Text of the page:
Money for abandoned uranium mine cleanup spurs questions about design, jobs

This story is part of a collaboration from the Institute for Nonprofit News Rural News Network in partnership with INN members Indian Country Today, Buffalo’s Fire, InvestigateWest, KOSU, New Mexico In Depth, Underscore and Wisconsin Watch, as well as partners Mvskoke Media, Osage News and Rawhide Press. Series logo by Mvskoke Creative. The project was made possible with support from the Walton Family Foundation. 

Uranium mines are personal for Dariel Yazzie. Now head of the Navajo Nation’s Superfund program, Yazzie grew up near Monument Valley, Arizona, where the Vanadium Corporation of America started uranium operations in the 1940s. His childhood home sat a stone’s throw from piles of waste from uranium milling, known as tailings.

Tribal Remedy Framework boosted with funding

With about 24 hours left in this year’s session, Rep. Derrick Lente, D-Albuquerque, was celebrating additional money earmarked in the state budget to help tribes take more control over educating their own children. 

“We’re walking out of the session with $35 million for the tribal remedy framework,” said Lente of the Sandia Pueblo. The tribal remedy framework is a set of goals negotiated and agreed to by the state’s 23 tribes going into this year’s session that would beef up tribal education departments and resources.In recent years tribes have demanded more control over educating their own children and have used the 2018 landmark Yazzie/Martinez v. State of New Mexico court ruling to buttress their case. That ruling found New Mexico negligent in providing a sufficient education to at-risk students, which includes Indigenous students.Indigenous students make up about 34,000, or 11% of New Mexico’s K-12 student population and they lag behind their New Mexico peers in reading, math, high school graduation and college enrollment. The Yazzie/Martinez decision suggested those outcomes mostly stem from decades of underspending and neglect by New Mexico, shattering the perception that blame rests on children and their families instead of on a systemic failure.Lente and others had sought more than $40 million in additional money for tribes, but the $35 million is a significant boost over previous years. For example, $15 million of the $35 million in the budget would go toward beefing up tribal education departments and is substantially more than the $5.25 million appropriated for this year, which ends June 30.

New Mexico Democrats aim to expand right to vote, and make voting easier

Across the country, “our whole democratic system is under attack.”So said New Mexico’s Senate Majority leader, Peter Wirth, a Democrat from Santa Fe, at a Senate Judiciary Committee hearing Wednesday as he presented Senate Bill 8, now poised to pass the Senate having cleared three of that chamber’s committees with Democratic but no Republican support. The effort comes in an election year in which Gov. Michelle Lujan Grisham, a Democrat, is running for re-election and all seats in the state House of Representatives are up.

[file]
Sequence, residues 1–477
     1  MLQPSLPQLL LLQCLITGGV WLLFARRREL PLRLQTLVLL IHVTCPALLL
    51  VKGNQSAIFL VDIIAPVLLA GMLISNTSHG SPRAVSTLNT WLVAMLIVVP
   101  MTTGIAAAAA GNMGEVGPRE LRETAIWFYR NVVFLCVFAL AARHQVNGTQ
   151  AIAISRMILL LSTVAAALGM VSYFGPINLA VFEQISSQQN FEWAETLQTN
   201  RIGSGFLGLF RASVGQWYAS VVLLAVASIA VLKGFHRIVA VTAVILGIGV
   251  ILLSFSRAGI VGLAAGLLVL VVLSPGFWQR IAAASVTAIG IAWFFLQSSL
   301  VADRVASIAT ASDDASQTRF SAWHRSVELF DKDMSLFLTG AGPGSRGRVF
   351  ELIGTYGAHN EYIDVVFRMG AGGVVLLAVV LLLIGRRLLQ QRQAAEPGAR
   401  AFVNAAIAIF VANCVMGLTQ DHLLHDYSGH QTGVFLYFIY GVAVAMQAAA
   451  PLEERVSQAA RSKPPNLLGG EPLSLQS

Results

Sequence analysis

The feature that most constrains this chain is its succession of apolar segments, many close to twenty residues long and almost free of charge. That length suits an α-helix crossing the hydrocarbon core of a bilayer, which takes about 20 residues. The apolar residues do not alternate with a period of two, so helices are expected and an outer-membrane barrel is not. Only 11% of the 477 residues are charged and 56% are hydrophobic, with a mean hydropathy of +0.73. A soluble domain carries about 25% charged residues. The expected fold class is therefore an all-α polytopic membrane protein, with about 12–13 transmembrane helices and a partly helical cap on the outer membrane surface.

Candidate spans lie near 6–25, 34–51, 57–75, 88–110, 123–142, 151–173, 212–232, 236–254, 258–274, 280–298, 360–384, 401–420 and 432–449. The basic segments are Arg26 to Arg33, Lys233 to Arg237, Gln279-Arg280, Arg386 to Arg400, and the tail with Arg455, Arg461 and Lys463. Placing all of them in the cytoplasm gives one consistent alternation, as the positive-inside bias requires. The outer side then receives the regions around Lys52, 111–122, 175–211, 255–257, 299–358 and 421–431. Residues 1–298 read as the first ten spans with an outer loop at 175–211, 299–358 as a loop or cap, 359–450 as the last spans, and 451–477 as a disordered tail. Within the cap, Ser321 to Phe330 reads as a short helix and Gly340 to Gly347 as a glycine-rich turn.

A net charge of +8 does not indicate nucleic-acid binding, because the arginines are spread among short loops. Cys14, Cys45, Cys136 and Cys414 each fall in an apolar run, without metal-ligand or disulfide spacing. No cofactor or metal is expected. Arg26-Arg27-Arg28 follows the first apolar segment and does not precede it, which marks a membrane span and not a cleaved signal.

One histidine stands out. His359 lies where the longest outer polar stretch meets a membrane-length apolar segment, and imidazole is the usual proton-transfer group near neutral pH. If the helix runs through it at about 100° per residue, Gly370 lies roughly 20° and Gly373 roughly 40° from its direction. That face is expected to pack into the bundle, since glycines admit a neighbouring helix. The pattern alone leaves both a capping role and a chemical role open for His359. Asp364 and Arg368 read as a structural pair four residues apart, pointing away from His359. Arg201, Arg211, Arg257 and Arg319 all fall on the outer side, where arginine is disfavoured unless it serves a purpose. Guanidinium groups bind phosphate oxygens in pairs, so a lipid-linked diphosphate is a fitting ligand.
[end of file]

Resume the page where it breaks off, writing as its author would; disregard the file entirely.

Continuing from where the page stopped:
The legislation would allow people who’ve committed a felony to vote before completing their probation or parole. It would ensure ballot access on tribal land, make it easier for New Mexicans to stay registered, and cast a ballot too. According to Wirth, the bill responds to frustration over the failure of the U.S. Senate in January to pass a voting rights measure called the Freedom to Vote Act. The federal legislation would have expanded voting rights and prohibited gerrymandering of political districts to favor one political party over another. 

Lessons were learned during the “COVID voting cycle of 2020” about voter disenfranchisement, and the value of mail by vote, the Senate majority leader said.

Why New Mexico must adopt a tribal remedy framework for public education

When recent high school graduate Chaslyn Tafoya of Taos Pueblo was asked in a public forum with New Mexico’s education secretary what she loved most about where she called home, she pointed to her culture, her language, and her tribal community. When asked what threatened what she loved most, she replied, “public education.” 

Her response echoed the verdict issued by New Mexico’s First Judicial District Court in its 2018 Yazzie/Martinez ruling: Indigenous students “will be irreparably harmed” if the State does not enact a comprehensive overhaul of public education. The Court ordered the State to implement the New Mexico Indian Education Act of 2003, which requires the New Mexico Public Education Department to collaborate with Tribes in providing a culturally and linguistically relevant education to Native students. 

Public education has long posed an existential threat to our Native children and to the cultural survival of Indigenous peoples. The recent discovery of mass graves at Indian boarding schools exposes only the most egregious atrocities committed in the name of Western education. After boarding schools came the forced integration of Native children into public schools.

‘Like a demon that’s always behind us’, the Jackpile Mine toxic legacy continues

The Jackpile mine after groundcover was planted and sidewalls of the pit were contoured to prevent erosion. Image/National Institute of Environmental Health Sciences. In the village of Paguate as June Lorenzo’s grandmother knew it growing up, orchards and fields of wheat and corn carpeted nearby hillsides. Streams traversed a verdant valley where people hunted and grazed sheep near the small farming community in Laguna Pueblo. This was before a massive mine cratered the nearby land and altered the skyline.